Friday, 31 October 2014
Show don't tell
Apparently I am the last wannabe writer on the planet to hear about the maxim "show don't tell".
It's a real gem. Without it my writing would slip into yawn worthy narrative.
So, rather than jawing on about what it is lets demonstrate - show rather than tell.
For example, instead of saying Neil was really tall we can write "Neil folded himself into the drivers seat of his 3 series".
Take this longer albeit simple example.
As he opened the barn door he heard a noise coming from inside. Suddenly filled with fear he stood rooted on the spot. Was that Sam or the gunman inside the barn? As he stood there wondering if he should turn and run a chicken rushed out passed him
We are told he is scared and of what. The fear is resolved because it was just a chicken.
Instead of simply rewording the passage we need to treat it as a scene. We could rewrite it as follows.
The barn door finally yielded to the force of his shoulder. The eerie screech of rusted hinges sending shivers down his spine.
Eyes searching the gloomy interior he suddenly took a step back, "Sam, it that you?"
No reply. His ears strained to pick up the sound of movement. Someone is in here he thought, I definitely heard a noise. Nothing but the sound of his heart as it beat like a drum against his ribs.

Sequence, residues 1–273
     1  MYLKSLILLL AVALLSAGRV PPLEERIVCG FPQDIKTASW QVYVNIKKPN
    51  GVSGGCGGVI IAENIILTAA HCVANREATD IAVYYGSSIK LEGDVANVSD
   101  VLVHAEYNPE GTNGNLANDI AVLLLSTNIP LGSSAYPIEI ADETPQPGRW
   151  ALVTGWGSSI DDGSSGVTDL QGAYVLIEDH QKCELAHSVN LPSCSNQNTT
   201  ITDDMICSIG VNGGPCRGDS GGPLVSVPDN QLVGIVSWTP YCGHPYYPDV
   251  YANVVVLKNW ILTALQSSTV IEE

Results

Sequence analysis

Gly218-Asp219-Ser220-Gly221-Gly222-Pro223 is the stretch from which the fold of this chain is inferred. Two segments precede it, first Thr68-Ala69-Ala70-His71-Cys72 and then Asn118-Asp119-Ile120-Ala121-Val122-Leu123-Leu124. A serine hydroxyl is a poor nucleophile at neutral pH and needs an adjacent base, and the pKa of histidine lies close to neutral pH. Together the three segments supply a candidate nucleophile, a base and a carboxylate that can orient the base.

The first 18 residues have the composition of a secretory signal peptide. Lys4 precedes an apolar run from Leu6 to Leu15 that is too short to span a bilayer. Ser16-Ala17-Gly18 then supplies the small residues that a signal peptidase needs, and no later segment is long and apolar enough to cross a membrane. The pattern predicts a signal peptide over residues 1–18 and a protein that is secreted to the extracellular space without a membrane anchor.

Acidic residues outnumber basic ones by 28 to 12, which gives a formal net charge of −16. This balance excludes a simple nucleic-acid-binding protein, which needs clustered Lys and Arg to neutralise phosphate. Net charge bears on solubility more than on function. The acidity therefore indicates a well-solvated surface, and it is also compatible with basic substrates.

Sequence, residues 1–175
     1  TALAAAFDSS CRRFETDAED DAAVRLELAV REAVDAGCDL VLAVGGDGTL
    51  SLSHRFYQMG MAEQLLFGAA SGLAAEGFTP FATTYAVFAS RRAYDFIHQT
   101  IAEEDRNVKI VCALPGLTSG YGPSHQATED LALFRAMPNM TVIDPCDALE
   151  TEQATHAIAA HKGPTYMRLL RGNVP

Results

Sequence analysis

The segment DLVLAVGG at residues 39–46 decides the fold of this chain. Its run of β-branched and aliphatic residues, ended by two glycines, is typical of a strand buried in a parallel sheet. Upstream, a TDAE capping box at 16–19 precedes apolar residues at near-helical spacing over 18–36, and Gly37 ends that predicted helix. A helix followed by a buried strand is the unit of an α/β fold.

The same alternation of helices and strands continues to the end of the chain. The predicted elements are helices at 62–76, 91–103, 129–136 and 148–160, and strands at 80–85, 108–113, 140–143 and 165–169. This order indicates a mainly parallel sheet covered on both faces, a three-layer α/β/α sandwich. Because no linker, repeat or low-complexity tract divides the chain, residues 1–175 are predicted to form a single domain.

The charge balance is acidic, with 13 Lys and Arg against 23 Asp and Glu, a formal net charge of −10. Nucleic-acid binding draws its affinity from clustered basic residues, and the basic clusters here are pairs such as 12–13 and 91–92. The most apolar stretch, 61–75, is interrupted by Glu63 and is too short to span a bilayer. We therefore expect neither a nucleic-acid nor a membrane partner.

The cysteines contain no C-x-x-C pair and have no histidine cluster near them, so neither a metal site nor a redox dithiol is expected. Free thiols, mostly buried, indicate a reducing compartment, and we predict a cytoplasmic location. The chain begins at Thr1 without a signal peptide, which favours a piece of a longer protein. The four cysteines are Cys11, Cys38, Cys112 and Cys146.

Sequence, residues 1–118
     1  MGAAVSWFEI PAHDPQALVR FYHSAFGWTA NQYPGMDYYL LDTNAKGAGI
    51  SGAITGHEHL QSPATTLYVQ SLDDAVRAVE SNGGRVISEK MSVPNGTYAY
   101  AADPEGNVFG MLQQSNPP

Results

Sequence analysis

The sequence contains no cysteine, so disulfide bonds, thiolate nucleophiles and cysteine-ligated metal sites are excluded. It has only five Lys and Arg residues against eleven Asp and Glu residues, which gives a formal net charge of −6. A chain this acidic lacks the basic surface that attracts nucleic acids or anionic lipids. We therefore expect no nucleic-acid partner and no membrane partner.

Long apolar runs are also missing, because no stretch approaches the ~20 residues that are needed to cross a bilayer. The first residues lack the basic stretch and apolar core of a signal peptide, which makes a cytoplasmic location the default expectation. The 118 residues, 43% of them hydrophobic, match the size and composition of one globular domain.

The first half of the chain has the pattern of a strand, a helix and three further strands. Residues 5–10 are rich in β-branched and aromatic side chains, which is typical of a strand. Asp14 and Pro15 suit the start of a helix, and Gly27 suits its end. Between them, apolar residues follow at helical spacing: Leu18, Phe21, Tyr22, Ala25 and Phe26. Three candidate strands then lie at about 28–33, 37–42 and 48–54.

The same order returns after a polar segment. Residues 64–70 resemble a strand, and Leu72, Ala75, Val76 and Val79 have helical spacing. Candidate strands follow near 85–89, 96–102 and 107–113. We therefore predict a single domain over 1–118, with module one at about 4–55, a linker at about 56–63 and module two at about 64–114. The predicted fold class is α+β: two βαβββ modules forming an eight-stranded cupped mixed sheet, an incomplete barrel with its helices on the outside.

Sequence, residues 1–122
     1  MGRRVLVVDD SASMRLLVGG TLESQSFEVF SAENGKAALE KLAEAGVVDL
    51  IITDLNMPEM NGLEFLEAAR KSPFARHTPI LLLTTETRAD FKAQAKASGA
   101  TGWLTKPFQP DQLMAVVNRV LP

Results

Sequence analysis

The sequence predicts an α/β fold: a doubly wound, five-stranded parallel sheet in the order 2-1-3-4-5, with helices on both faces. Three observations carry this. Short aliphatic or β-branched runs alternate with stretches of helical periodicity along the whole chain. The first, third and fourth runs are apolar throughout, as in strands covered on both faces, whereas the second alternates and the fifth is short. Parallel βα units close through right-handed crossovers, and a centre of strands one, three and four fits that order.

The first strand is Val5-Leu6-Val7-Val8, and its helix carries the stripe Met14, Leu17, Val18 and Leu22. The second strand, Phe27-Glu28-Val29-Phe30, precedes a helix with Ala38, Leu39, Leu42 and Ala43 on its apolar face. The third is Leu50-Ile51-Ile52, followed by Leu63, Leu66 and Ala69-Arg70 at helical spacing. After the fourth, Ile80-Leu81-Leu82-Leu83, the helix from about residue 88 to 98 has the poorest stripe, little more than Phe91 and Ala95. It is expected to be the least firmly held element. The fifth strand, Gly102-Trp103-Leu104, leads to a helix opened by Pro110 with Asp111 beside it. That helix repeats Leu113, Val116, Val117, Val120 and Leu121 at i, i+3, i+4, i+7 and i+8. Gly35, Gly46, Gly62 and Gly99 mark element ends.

His mind raced. It can't be Sam he reasoned. His mouth suddenly dry he realised the only other person around could at that very second be pointing a gun at him.
The realisation turned his feet to lead and any thought of escape thwarted.
A flurry of feathers at his feet..... Etc.
Anyway, that's the general idea. Get the reader to sense - hear, see, smell feel - the story.
One more big sleep and I am still so thin on skills.
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- Johannesburg, South Africa
- Just an ordinary guy who started riding in 2005 at the age of 45. I started with the ambition of completing the local 94.7 Cycle Challenge (94.7km). This is an annual road cycle race in and around Johanesburg. Some where along the way it become a race and not merely a completion excercise. I clocked a 2h54 in my first attempt only 6 months from my first trundle down the road and back. I was hooked and then discovered the magic of MTB. While my efforts on the road were credible, MTBing humbled me. Having said that, over the last 24 months I have competed in 9 multi-day events. I'm a very middle of the field rider, but I enjoy every minute of it.